Monday, May 13, 2013

Carlyle Group's Synagro Bankruptcy Tale

The Taft Midway-Driller reported:

Synagro Technologies, the company that operates the organic composting facility on South Lake Road near Taft, filed for bankruptcy last month to seek a court-approved restructuring of its mounting debt. In addition, a $10,000 check, Synagro's annual sponsorship for the Taft Chamber of Commerce, bounced, the Taft Midway Driller learned. 

A Synagro spokesperson, who asked not to be identified, told the Taft Midway Driller that Synagro intended to make good on the payment and said the bankruptcy filing was merely for reorganization.

A bankruptcy is to handle claims by creditors, which includes debt holders and suppliers.  The Taft Chamber of Commerce's claim should be in the bin with the rest. 

Synagro once looked like black gold to The Carlyle Group, a huge private equity underwriter (PEU).  Synagro's sewage sludge contract with the City of Detroit looked like a done deal, then it didn't.  With pressure from Carlyle and Synagro executives two salesmen tried to fertilize the deal with bribes.  The Detroit Free Press reported:

In October 2007, seven weeks before the Detroit City Council was to vote on the sludge-hauling contract, Rosendall was feeling heat from Synagro headquarters.

In a phone conversation with an aide to Kwame Kilpatrick, Rosendall complained of getting his butt kicked by his bosses in Houston. Executives, he said, were feeling pressure because they had promised the Carlyle Group that the Detroit deal was in the bag.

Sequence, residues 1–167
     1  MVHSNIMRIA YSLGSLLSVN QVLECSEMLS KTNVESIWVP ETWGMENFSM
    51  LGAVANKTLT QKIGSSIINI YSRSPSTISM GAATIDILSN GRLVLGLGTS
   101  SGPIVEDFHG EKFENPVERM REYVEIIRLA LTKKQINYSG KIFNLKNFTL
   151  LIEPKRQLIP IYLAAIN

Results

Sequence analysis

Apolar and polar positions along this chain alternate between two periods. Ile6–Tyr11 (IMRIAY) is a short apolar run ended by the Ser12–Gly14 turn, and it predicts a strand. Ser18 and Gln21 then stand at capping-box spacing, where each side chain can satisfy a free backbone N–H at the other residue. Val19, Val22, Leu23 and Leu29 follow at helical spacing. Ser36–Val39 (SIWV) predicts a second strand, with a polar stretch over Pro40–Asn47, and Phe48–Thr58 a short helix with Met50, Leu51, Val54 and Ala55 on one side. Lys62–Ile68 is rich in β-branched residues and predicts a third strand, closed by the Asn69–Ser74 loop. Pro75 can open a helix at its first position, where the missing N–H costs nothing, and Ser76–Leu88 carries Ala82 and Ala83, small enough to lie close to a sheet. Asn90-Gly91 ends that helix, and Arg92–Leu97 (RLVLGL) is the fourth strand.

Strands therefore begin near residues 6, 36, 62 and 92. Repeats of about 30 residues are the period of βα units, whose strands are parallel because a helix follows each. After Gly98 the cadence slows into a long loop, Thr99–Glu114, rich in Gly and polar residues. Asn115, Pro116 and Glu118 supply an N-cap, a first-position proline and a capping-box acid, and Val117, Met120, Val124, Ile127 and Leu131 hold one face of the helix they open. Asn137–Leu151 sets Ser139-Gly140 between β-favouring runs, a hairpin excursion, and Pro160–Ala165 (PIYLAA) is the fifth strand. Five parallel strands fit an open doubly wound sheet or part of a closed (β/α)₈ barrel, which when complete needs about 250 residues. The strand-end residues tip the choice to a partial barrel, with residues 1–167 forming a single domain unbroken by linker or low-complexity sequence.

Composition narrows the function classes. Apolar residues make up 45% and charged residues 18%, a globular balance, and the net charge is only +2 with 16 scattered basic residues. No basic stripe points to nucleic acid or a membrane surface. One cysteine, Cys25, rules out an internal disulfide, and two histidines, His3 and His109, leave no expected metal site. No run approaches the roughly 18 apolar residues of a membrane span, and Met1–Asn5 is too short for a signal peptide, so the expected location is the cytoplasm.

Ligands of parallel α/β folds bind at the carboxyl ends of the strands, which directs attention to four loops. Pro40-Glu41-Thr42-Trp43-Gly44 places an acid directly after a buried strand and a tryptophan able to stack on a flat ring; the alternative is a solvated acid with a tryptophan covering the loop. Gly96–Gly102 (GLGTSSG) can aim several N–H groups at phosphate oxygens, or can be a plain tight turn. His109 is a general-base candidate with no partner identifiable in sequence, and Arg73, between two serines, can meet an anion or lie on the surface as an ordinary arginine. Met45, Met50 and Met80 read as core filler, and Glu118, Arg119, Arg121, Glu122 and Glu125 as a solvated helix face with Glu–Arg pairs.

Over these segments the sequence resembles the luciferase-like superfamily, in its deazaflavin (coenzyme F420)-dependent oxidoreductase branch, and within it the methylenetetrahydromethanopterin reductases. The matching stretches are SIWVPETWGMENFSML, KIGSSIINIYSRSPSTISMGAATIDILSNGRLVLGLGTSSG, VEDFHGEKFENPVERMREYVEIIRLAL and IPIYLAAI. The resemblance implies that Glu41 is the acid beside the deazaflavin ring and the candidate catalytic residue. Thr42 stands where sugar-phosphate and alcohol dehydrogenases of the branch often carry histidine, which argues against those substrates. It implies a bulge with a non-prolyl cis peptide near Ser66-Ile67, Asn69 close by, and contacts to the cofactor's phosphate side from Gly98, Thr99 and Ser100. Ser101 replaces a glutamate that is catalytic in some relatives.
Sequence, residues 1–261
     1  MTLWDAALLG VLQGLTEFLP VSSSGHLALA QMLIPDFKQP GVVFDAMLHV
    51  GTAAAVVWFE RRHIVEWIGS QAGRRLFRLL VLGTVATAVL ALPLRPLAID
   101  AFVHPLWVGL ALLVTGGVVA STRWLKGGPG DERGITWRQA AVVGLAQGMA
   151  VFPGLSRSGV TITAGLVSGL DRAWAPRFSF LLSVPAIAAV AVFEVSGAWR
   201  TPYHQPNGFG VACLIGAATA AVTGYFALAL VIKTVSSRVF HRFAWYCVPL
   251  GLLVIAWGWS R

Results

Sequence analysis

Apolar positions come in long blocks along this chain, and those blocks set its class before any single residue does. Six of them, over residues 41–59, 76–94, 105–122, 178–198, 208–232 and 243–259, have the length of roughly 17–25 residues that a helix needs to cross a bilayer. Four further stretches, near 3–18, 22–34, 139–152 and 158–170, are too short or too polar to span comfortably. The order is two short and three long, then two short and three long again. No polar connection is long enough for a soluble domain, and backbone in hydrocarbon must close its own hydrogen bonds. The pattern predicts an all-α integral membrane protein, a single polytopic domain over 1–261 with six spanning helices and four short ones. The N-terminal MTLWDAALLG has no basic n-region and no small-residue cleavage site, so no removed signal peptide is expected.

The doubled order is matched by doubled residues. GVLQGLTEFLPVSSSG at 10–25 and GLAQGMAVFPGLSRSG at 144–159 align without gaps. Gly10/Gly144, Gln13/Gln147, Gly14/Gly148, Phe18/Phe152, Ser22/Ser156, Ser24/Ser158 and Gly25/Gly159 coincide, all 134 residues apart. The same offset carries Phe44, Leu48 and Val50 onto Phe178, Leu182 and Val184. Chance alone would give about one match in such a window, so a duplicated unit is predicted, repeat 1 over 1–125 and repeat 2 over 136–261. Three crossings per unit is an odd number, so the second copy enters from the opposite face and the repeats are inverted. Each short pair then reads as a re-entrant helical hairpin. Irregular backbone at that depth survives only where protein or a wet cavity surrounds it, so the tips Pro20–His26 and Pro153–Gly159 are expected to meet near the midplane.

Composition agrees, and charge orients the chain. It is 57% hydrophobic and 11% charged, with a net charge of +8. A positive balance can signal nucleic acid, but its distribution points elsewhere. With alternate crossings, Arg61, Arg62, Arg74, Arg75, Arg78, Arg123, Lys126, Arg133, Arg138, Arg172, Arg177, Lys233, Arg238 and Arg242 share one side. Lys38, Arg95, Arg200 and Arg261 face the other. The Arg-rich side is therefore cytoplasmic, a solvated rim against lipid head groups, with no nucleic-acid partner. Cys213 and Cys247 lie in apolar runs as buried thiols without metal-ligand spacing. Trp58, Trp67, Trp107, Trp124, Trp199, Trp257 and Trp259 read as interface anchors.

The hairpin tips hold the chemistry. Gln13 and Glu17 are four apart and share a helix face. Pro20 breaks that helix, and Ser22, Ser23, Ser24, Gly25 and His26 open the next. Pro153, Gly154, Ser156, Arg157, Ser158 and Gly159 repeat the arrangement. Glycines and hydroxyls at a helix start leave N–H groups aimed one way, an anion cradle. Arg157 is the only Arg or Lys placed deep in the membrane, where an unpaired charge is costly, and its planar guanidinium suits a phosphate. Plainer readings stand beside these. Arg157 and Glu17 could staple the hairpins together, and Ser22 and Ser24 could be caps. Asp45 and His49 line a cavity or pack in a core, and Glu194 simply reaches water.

Detroit was to be Synagro's largest municipal sludge-disposal contract, bigger even than New York City. The company expected profits of up to $5 million a year for 25 years from annual revenues of $47 million.

Carlyle, one of the world's largest private investment firms, bought Synagro months earlier, largely because of the potential in Detroit.
Yet, prosecutors didn't pursue charges against Synagro or its PEU owners:

"It's hard to explain why charges weren't filed against the company, given the turning of a blind eye by senior executives," said Wayne State University law professor Peter Henning, an ex-federal prosecutor and white-collar crime expert. "There are any number of cases in which companies have been charged for this kind of conduct, when you have the involvement of more senior employees."
Approval of bribes is hardly turning a blind eye.

"Synagro is a party to this conspiracy ... and yet, for some reason, they are not here."

Legal experts say corporate executives can be charged if they had knowledge of their employees' illegal conduct -- or deliberately ignored it.

Jennifer Arlen, an expert in corporate criminal liability and a law professor at New York University, said the Justice Department has been less receptive to charging a corporation itself because that can hurt innocent shareholders.

Innocent equity owners, like The Carlyle Group? 

Carlyle was unhappy with the demise of the Detroit contract, and up to $5 million a year in lost profits.

That's why Synagro entered bankruptcy and is merely "reorganizing."  It's another Carlyle PEU Tale